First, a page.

The material constituting the strip 10 comprises a lamination including a non-ferrous metal foil 16 (e.g. aluminum), FIG. 2, coated on at least one side or seam surface with a heat fusible material such as polyethylene 18 for example. However, for most uses the non-ferrous metal foil 16 is coated with plastic on both surfaces so that there is a second layer of polyethylene plastic 22 on the outside diameter of the tube as well. The extreme outside edges of the strip exhibit bare, uncoated metal.
The opposed side margins 12 of the strip 10 are brought into convergent relation in a known manner, as by means of a folding belt, not shown, since this represents a known procedure.
Referring now to FIG. 3 which shows a preferred embodiment of the invention, the tubular form 14, presenting the lapped edges 12, is passed lengthwise through a radio frequency coil (copper, water cooled) 24 responsible for establishing an induction field resulting in eddy currents within the metal foil producing thermal softening and fusion of the juxtaposed plastic surfaces at the sideseam.
The thermal phenomenon involved is diagrammed in FIGS. 5 and 6. In FIG. 5, the shading is intended to show that the hotest surface is at the foil edge area, diminishing outwardly; FIG. 5A shows a corresponding, typical thermal gradient graph. This means that the heat for melting the plastic is concentrated at the lapped foil surfaces and the plastic material 18-22 confined therebetween. The exposed side edges E of the metal foil are extremely hot, more so than the length of foil inward thereof, so that, as shown in FIG. 6, the plastic, during thermal flow, covers the exposed edges E of the metal foil. This flow, to cover the edges of the metal foil, may be of crucial importance in the instance of a tube ultimately being employed as a container for digestible or ingestible contents such as toothpaste where the contents can be contaminated by exposed metal.
To assure prompt development of a narrow fusion bond, allowing high speed feeding of the tube through the induction coil 24, the preferred embodiment of practice is one wherein the induction field is intensified by a bar 26, FIG. 3, of ferrite or equivalent magnetizable material aligned to the axis of the heat seal. The ferrite bar 26 is preferably captured in a receiving slot presented by a cylindrical non-ferrous mandrel 28 over which the lapped tube is fed by the aforementioned folding belt. A single length of ferrite may be employed or two or more short length bars may be assembled in the receiving slot end-to-end as shown in FIG. 3.
Further to assure a more effective induction field, the supporting mandrel 28 is preferably a non- ferrous, high reluctance material such as copper or a non-metallic. The ends of the mandrel 28 preferably extend outwardly of the ends of the magnetizable ferrite bar 26, as shown in FIG. 3. The mandrel ends are attached to and supported by cylindrical steel stub shafts 29 and 30 which serve, respectively, to guide the tube being folded on to the mandrel and to support the sideseamed tube coming off the mandrel. By extending the ends of the mandrel outwardly as shown in FIG. 3, there is assurance the steel stub shafts will not distort the inductance field.
The tube to be sideseamed is fed and guided lengthwise over mandrel 28 by a pair of opposed, guiding feed bands 32 and 34, FIG. 4, between which is captured the lapped edges of the tube; feed band 34 has a return flight 34R. A fixed clamp or guide shoe 38 is juxtaposed above feed band 32 to assure maintenance of the sideseam overlap, that is, the shoe 38 cooperates with the bands 32 and 34 to assure the sideseam overlap does not spread apart. In fact the preference is to employ the shoe 38 to cause the sideseam to be compressed or ironed by the feed bands 32 and 34 thereby to assure intimate, pressed contact of the opposed heat softened surfaces at the time they bond to one another. The spacing in FIG. 4 is exaggerated for clarity.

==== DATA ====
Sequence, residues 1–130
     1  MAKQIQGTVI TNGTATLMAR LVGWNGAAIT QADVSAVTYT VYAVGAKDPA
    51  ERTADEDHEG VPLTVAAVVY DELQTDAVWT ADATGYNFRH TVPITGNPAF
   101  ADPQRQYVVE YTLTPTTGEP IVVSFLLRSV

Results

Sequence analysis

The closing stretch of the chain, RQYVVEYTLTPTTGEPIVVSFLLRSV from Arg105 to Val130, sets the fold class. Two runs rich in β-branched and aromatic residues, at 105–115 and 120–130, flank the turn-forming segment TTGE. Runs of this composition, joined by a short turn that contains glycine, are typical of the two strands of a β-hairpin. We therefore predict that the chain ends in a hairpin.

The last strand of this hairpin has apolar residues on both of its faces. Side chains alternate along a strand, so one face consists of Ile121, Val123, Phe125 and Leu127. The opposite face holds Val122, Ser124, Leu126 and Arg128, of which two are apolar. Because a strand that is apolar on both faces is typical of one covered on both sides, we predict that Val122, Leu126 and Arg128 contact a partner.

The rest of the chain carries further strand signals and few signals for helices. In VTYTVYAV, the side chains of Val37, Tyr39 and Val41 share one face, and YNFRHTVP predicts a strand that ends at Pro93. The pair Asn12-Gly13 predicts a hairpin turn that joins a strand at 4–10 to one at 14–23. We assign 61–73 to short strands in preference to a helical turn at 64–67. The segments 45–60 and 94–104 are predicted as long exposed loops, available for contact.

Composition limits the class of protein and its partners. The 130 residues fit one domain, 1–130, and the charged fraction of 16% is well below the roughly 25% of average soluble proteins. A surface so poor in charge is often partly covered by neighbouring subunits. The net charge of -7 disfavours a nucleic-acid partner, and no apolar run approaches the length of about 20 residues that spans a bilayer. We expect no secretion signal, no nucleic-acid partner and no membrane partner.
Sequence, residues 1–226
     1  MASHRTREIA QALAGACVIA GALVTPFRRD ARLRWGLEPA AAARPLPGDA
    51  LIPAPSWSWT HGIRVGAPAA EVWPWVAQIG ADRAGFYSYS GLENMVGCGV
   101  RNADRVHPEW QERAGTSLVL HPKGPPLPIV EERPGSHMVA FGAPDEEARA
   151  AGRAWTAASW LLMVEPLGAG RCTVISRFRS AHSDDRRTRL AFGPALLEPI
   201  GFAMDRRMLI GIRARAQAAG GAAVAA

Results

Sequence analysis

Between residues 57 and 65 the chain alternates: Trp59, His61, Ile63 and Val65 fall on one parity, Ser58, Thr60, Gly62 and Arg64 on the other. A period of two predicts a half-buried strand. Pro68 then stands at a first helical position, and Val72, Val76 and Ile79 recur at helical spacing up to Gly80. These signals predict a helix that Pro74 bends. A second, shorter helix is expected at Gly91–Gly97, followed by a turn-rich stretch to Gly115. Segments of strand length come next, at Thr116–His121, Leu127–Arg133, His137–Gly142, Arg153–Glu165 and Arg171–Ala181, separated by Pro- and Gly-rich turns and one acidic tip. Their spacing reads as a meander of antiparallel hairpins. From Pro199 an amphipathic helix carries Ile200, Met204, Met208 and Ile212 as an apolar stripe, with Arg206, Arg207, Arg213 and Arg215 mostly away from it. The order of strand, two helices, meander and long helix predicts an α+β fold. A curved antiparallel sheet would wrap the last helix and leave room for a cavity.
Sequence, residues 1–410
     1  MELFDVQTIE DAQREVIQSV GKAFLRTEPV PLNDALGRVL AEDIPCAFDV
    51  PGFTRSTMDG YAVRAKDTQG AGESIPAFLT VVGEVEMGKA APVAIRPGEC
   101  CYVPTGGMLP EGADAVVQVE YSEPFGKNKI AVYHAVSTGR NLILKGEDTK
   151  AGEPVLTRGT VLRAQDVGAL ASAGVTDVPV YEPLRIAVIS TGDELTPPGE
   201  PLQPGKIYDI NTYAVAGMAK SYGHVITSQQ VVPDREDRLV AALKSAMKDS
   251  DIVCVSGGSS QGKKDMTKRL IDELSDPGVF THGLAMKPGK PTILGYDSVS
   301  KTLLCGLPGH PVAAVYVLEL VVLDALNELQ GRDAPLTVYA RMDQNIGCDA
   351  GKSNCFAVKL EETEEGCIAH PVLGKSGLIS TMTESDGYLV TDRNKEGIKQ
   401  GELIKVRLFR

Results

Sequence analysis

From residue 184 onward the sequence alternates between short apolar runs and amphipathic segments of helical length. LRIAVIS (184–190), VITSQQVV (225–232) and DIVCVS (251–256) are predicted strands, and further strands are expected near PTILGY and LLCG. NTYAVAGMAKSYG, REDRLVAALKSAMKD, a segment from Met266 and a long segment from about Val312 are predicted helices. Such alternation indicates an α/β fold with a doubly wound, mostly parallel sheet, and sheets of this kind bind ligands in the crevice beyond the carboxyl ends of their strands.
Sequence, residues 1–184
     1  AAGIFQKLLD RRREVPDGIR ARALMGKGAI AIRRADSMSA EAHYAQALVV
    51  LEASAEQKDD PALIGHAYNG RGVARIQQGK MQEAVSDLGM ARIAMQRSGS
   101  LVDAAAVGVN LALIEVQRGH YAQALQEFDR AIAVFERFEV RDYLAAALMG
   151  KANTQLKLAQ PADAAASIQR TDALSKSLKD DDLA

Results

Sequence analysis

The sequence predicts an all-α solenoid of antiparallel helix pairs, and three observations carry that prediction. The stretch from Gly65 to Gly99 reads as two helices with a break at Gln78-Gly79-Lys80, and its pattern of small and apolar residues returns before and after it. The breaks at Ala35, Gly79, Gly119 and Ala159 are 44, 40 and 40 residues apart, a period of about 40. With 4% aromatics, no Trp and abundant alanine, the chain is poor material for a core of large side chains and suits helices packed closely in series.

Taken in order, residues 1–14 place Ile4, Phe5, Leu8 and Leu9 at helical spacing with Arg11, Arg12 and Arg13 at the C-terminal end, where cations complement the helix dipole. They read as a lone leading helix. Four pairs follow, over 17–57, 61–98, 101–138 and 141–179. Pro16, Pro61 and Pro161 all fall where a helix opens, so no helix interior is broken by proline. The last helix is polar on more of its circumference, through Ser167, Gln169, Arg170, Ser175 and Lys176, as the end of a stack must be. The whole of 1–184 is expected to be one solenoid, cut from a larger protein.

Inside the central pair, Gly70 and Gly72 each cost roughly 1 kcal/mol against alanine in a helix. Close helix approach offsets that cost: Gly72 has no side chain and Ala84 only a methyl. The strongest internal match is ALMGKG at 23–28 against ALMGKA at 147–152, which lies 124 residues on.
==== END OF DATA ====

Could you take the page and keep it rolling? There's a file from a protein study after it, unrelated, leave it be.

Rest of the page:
The bracket AB, FIG. 1, denotes the general location of the parts shown in FIGS. 3 and 4.
By conducting the process in accordance with the manner described above in connection with FIG. 3, the width of the heat seal, HS, FIG. 1 may be easily controlled for minimum extent. Thus, as noted above, the greater heat effect is on the inside of the seam and not on the outside of the exposed plastic as viewed in FIG. 2. As a consequence, there is minimal wrinkling of the plastic adjacent the heat seal in comparison to the prior practice of completing the seal by means of directly heated mandrels. There is resultantly more external surface available for printing or decoration.
The thickness of the strip may be only about ten to twelve mils (say about 0.254 to 0.304 mm) and a frequency of about four hundred fifty K. C. may be employed in that event. The metal foil need not necessarily be aluminum as long as the foil is non-ferrous. The laminate may include two or more internal foils separated by plastic and a paper sheet may also be present as part of the lamination.
If the foil is ferrous metal (e.g. a stainless steel foil) effective heating does not occur at the lapped margins; rather, the plastic is softened part way around the circumference of the tube exclusive of the very lap where plastic flow and fusing are critical.
The principle of the invention could be applied to a mere butt joint, since plastic flow is pronounced at the exposed edges of the metal, and a re-entrant (fold) seam as well.
Regardless of the thickness of the lap seam the amount of power may be easily adjusted or "tuned" for the best seal. This is particularly important when the equipment is to be applied to a strip of greater or less thickness compared to a previous production run for it is only necessary to apply more or less electric power, representing an instant adjustment without delay which is to be contrasted with the earlier practice of using directly heated mandrels where it was necessary to wait for the mandrels to get hotter or cooler as the case may be.
Therefore, in summary, the present process may be conducted at greater speed because of superior heating efficiency, the product has a better appearance because the heat seal "band" is narrowed, the inductance field may be varied instantly, and the metal foil edges can be submerged in plastic without applying heat more than that required to achieve the bond.